On Tue, 2019-08-13 at 23:16 +0000, brian m. carlson wrote: > On 2019-08-13 at 06:12:30, Philip Withnall wrote: > > Hi, > > > > I can’t speak for the Debian project, but as an upstream GLib > > developer > > I can say such an environment variable would not be welcome > > upstream. > > > > Hiding such warnings makes them less likely to be fixed. It’s a way > > of > > sweeping bugs under the carpet which I don’t want to encourage. > > Each > > warning emitted by GTK or GLib indicates a non-trivial bug in the > > code > > which is calling it, which should be fixed. > > Unfortunately, it's often impossible to write code which works on > multiple versions of GTK+ without warnings. I took a version of GVim > which worked fine on Debian unstable with GTK+3 but produced copious > warnings on CentOS 7. This makes it difficult for folks who would > like > to upgrade one single component on a system without rebuilding the > entire GTK+ stack. In addition, an upgrade of GTK+ can cause > previously > working programs to produce errors where they did not before, causing > problems for users.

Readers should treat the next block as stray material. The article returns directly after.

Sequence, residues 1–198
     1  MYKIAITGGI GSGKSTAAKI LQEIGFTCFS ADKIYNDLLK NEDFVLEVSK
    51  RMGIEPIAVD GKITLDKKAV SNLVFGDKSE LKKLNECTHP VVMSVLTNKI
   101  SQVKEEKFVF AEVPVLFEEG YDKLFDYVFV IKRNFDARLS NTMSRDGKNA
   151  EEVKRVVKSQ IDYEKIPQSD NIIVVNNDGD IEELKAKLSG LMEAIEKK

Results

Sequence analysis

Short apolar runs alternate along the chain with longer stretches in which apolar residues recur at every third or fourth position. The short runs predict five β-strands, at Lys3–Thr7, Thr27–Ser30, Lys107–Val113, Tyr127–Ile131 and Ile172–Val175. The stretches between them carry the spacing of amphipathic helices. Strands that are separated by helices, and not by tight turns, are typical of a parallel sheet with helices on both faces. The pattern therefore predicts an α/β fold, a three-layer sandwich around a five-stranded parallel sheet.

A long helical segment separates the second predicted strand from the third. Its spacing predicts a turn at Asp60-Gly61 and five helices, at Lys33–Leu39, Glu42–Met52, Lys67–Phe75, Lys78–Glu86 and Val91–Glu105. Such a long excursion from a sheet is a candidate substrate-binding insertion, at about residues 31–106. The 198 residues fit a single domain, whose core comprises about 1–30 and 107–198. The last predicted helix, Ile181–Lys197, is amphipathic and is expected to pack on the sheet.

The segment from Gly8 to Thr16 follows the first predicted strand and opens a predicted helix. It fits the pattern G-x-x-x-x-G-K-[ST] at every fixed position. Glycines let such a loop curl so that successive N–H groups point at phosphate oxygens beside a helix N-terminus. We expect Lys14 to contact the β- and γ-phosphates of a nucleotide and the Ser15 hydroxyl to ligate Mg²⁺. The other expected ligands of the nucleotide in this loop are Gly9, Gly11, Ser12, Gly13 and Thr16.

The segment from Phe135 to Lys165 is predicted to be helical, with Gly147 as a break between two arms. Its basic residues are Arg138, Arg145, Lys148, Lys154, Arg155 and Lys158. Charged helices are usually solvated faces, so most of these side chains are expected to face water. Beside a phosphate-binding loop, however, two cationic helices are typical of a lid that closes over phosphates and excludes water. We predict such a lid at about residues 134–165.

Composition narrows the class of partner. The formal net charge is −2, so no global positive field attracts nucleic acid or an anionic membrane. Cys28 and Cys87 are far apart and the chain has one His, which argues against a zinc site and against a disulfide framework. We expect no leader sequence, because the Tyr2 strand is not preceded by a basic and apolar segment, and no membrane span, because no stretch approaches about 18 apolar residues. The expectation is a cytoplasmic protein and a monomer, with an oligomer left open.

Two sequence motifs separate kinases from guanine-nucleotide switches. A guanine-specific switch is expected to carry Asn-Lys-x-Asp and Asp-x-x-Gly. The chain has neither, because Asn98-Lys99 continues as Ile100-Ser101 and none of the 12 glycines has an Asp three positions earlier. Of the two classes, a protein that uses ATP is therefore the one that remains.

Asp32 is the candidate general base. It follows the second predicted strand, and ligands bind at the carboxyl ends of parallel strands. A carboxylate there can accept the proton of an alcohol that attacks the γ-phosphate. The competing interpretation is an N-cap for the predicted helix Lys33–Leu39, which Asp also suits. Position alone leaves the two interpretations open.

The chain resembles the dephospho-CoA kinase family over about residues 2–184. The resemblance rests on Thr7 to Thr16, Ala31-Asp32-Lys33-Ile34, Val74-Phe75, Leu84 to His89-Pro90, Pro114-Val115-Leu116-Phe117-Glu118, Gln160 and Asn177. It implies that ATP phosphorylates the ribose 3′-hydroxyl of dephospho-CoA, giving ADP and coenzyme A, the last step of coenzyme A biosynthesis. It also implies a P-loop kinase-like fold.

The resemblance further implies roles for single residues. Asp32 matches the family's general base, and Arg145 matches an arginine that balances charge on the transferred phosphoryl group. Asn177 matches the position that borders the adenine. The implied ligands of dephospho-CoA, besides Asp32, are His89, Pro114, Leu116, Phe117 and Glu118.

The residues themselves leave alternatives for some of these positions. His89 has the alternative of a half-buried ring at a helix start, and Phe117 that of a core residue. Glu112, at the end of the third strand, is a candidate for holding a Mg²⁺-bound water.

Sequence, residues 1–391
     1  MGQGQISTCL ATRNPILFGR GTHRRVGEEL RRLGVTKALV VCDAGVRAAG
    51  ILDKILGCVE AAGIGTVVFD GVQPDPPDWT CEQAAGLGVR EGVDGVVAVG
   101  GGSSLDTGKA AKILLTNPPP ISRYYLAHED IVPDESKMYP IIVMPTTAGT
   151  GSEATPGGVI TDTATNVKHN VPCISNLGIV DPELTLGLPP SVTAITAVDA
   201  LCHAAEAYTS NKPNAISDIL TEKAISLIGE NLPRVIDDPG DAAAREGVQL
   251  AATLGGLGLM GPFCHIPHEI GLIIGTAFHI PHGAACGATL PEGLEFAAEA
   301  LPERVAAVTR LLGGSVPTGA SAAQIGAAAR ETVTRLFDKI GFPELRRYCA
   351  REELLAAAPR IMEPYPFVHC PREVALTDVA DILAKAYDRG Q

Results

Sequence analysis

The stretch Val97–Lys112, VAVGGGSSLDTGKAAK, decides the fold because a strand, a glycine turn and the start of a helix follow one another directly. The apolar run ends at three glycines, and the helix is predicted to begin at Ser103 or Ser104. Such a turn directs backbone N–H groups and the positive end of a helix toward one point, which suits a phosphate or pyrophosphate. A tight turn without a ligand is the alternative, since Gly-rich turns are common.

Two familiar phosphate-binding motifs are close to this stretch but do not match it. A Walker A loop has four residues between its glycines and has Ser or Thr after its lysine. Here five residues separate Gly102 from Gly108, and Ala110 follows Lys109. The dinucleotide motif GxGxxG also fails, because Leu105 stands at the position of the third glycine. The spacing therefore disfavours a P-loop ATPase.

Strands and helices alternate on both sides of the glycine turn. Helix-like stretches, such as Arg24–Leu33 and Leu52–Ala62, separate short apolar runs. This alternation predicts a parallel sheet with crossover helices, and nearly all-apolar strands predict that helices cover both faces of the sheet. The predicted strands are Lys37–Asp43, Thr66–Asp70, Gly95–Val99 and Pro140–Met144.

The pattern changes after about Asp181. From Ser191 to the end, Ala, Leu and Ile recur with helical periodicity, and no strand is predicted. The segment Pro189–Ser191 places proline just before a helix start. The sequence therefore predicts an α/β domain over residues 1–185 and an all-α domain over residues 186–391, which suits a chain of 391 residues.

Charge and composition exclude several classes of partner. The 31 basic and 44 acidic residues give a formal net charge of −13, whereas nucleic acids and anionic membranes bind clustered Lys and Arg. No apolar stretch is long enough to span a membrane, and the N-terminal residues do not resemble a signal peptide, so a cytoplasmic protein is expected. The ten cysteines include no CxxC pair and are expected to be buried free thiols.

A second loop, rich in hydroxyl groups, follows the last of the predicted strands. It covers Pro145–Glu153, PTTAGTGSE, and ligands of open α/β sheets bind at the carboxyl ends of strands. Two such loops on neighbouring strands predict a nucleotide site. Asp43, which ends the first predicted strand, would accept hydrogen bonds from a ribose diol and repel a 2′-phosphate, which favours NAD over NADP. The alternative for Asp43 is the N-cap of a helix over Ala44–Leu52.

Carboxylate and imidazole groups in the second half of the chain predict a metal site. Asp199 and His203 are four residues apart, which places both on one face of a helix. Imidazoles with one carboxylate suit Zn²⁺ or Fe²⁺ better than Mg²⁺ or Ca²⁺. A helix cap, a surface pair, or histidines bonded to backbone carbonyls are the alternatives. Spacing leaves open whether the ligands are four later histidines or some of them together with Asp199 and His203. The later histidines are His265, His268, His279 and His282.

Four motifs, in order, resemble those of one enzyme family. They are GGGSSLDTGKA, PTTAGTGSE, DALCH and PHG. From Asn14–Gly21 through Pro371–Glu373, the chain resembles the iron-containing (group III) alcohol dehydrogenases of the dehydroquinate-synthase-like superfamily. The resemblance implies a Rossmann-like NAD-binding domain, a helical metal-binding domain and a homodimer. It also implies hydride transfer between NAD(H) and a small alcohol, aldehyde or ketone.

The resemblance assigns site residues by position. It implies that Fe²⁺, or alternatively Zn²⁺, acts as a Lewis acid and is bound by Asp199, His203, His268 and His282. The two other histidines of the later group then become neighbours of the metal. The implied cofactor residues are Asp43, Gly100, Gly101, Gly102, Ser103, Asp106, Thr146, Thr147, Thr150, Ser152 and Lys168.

I can believe that might be true in some cases, but I doubt it is *often* the case. Regardless, I encourage you to ask specific questions about the warnings you are encountering on https://discourse.gnome.org/ , and the GTK developers should be able to advise appropriately for each case. > In addition, Unix programs typically produce output to standard error > to > reflect a user-relevant error: something that the user has done wrong > or > that prevents the program from functioning in the way the user > requested. These warnings are not user relevant: they reflect a > developer error, not a problem that reflects a user-visible failure. > From the user perspective, everything is functioning as intended, so > output to standard error is not appropriate. > > And finally, overwhelmingly, developers take a long time to fix > warnings > like this, if they get fixed at all. Perhaps they don't see the use > case > of running graphical programs like PDF viewers from the command line. > More likely, they are overwhelmed with other issues and consider this > low priority. > > I appreciate that these reflect a defect in the program that should > be > fixed, but it isn't fair to force users to either fix these defects > for > themselves or deal with terminal junk. As a Git developer, I can tell > you people would be extremely unhappy if libpcre or libcurl produced > errors on their terminals when they ran Git, even if those were bugs > in > Git itself. I'm not sure why GLib should be different in this regard. Sorry, I think you’re conflating two different types of programs here. Command line applications like git have very different output requirements on stderr/stdout from graphical programs. Command line programs don’t normally use GTK, so shouldn’t see any of the warnings you mention above. I would be very surprised if command line programs using GLib (not GTK) emitted different warnings with different versions of GLib. If they do, can you please provide me with concrete examples and I can advise you about how to eliminate them. GTK and GLib are separate libraries. > Ultimately, I think it's most appropriate to let users decide for > themselves if they would like to see non-user-visible issues on their > terminal. I'm not even asking for this to be the default, just an > option > users can turn on. If it’s not on by default, almost all users will never find out about it. If your argument is that seeing the warnings is only useful for developers, then such an option should be on by default and developers would have to explicitly turn it off. In every situation where I’ve seen warnings (compile time, or run time) hidden from developers, those warnings have very rarely been fixed. Making them visible has increased the number of warnings which have been fixed. Filing bugs against applications, which point out specific warnings which need fixing is, I feel, a much better use of people’s time than inventing new and innovative ways to hide those warnings. Philip